Today's cuppa: iced tea with mint (from my balcony)

Mark_Burnett_Jump_In2 Before he became the producer of such successful reality-TV franchises as "Eco-Challenge," "Survivor" and "The Apprentice," Mark Burnett was a young Brit with no college education but combat experience as a member of the British Army Parachute Regiment.

He landed in Los Angeles in 1982 and took the only job he could find — as a nanny. He also launched a small business selling T-shirts on Venice Beach. After becoming an American citizen in 1990, he went on to create the "Eco-Challenge" adventure race and produce it for television.

Then, in 1996, he bought the U.S. rights to "Expedition Robinson," a Swedish reality show, and developed the conceptMark_Burnett_Dare_to_Succeed into what became "Survivor" on CBS.

The rest is history. (And if you'd like to learn more, click here and here for his books on what he's done and how he did it).

While not everything he's done has become a hit — "The Restaurant" and "The Casino" leap to mind — Burnett has forged forward, placing shows on a variety of networks and cable channels and racking up Emmy nominations and awards. Now he's finally landed a show on ABC, called "Shark Tank."

It's an American version of a Japanese franchise called "Dragon's Den" — the U.K. version can be seen here on BBC America — in which entrepreneurs pitch their ideas in front of a panel of potential investors (the U.S. ones are pictured below) asking tough questions before putting up their own money.

"Shark Tank" premieres Sunday, Aug. 9, and I'll have a feature story coming out at that time. In the meantime, here's some comments on Burnett on why he's such a big fan of his adopted country and the American Dream.

"There are 300 million people here," Burnett says. "It is a country built on small businesses, and there'll be so many more deals (on 'Shark Tank'). (Small businesses) are the best lot of America.

Shark_Tank "Look at where I started. I was selling T-shirts on the beach. I started with a small business, and I learned who I was and learned the values of America and the American Dream. Those skills, selling on the streets, selling T-shirts on Venice Beach and at swap meets — which I did for years — paid off for me.

"So I've got a lot of compassion and understanding for these entrepreneurs."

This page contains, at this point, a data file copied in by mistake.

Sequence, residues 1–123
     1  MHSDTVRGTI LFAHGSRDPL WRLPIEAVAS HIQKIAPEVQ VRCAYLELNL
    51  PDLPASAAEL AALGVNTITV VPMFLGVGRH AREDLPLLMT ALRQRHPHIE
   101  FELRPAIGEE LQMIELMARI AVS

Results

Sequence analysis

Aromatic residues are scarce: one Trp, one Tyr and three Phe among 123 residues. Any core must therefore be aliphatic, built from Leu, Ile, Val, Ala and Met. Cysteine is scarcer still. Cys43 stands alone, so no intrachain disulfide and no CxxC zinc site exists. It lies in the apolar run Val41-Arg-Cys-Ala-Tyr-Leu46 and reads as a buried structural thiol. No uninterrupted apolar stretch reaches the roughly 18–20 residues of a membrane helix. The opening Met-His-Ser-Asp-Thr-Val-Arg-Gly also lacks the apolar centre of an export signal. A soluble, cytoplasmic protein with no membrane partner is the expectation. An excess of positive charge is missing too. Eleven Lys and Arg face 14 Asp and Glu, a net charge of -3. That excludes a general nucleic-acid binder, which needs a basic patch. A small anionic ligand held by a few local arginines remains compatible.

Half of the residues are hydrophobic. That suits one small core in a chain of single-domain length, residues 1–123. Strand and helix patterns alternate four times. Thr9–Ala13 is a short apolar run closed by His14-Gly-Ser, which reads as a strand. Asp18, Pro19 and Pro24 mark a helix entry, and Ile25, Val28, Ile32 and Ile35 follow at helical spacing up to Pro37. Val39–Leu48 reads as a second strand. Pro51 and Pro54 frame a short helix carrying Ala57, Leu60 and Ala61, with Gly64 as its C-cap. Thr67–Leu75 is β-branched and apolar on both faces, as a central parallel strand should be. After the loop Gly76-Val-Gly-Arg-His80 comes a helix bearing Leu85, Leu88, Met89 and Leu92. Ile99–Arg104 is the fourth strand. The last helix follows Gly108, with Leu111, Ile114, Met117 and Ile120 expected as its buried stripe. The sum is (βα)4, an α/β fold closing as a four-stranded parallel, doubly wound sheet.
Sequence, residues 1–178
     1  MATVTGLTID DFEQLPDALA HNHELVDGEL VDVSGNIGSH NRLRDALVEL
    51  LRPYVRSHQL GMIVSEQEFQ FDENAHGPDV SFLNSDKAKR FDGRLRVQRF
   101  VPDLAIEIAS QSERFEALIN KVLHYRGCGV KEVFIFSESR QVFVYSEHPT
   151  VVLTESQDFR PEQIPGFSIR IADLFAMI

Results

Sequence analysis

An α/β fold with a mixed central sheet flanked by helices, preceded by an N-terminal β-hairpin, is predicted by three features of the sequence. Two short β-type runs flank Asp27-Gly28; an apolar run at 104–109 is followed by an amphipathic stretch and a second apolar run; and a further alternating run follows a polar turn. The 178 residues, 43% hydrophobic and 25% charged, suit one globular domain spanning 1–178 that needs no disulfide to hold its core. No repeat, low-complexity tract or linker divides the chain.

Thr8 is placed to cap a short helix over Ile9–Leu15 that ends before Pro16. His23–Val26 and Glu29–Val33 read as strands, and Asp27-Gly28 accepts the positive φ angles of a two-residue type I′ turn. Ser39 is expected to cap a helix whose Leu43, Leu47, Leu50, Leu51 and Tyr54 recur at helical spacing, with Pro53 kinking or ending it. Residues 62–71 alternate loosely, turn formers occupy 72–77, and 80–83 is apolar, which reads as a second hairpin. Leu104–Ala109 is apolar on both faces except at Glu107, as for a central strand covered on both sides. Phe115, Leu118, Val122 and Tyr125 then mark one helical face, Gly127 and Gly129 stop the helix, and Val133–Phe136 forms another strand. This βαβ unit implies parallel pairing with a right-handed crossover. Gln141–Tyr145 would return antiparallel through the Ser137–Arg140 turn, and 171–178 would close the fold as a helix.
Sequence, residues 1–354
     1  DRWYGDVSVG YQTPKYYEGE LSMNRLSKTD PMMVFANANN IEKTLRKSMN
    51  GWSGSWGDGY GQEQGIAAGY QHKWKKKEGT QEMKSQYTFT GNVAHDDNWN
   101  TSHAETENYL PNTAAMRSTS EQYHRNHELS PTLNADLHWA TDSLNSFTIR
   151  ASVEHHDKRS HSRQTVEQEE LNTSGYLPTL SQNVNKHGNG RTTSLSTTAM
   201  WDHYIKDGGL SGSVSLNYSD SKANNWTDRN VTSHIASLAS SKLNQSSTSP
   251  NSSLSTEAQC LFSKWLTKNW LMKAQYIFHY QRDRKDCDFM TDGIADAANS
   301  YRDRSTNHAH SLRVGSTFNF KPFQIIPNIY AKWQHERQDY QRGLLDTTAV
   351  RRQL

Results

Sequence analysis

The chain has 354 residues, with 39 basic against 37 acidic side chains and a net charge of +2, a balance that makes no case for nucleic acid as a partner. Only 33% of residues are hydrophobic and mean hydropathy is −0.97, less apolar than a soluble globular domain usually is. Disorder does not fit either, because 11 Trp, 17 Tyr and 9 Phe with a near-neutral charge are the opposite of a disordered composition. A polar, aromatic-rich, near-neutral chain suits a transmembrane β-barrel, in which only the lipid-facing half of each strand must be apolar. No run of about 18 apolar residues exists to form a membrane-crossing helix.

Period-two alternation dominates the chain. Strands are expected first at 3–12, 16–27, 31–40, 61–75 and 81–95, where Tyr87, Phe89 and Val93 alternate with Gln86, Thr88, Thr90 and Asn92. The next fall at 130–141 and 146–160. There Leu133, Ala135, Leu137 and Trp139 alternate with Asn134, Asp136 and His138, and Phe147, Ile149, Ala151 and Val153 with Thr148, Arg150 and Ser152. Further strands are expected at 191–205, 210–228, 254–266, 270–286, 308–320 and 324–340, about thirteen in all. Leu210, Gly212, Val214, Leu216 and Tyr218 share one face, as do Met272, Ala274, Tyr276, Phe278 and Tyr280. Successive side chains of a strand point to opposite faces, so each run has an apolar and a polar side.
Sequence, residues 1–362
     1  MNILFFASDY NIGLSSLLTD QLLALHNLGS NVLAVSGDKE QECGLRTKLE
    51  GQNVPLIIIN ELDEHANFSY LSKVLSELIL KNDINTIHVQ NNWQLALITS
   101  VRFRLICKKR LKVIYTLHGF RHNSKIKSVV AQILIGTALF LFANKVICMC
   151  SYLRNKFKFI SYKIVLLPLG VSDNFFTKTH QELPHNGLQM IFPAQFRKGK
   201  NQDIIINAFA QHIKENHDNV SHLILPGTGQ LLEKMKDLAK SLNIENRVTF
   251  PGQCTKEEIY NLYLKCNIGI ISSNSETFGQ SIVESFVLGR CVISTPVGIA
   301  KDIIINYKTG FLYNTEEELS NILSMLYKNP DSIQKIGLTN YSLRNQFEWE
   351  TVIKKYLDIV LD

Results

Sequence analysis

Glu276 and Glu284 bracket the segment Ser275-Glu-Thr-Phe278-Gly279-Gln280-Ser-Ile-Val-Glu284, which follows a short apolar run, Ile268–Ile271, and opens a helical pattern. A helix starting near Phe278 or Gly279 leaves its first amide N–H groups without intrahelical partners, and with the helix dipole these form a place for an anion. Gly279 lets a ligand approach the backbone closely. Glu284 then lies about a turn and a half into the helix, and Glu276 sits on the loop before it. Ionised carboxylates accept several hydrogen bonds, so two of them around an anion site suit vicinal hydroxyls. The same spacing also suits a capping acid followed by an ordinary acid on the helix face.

Asked if he thinks shows like "The Apprentice" and "Shark Tank" will remind folks that, despite the economic downturn and political upheaval, the American Dream is still alive.

"Yes," Burnett says. "I think 'Apprentice' and 'Shark Tank' are both shows that will remind Americans by the millions of what the country stands for. I love this country, and I found out who I am here, because of scrimping and saving and trying to sell T-shirts.

"It is what America stands for: the right to own a business, however small; the right to take risks and not be ridiculed; the right to try to buy your own home.

"These small businesses wind up paying more taxes, supporting the entire place and employing people."

Burnett is a long-time California resident, and when asked what advice he'd give to state legislators and Gov. Arnold Schwarzenegger on how to deal with the state's current budget woes, Burnett says, "You know, I don't know enough detail on the issues to speak to it. I've been so busy this summer making show; I haven't really looked into it.

"It seems to me that you can't have programs that are unaffordable. It's the equivalent of having a house and a family and trying to do things that are just not affordable, that you haven't got the money for.

"So, the more you want to do things, certain things have got to be cut. It's just a fact."

He's also in favor of lowering tax rates.

"I do think that lower taxes stimulate the economy," Burnett says. "On the other hand, it's going to be what it's going to be, and hopefully it won't be taxes higher like other socialist countries, which end up being almost un-American, to the point where they don't stimulate small businesses to get going.

"These people need tax breaks to get business going, to employ people. That's what America's always done."

When he has time, Burnett tries to share what he's learned.

"With limited time on my hands, I do give some speeches," he says. "I literally started with nothing and had lots of small businesses and struggled and have learned. So, I want to pass that on."

Posted by:Kate O'Hare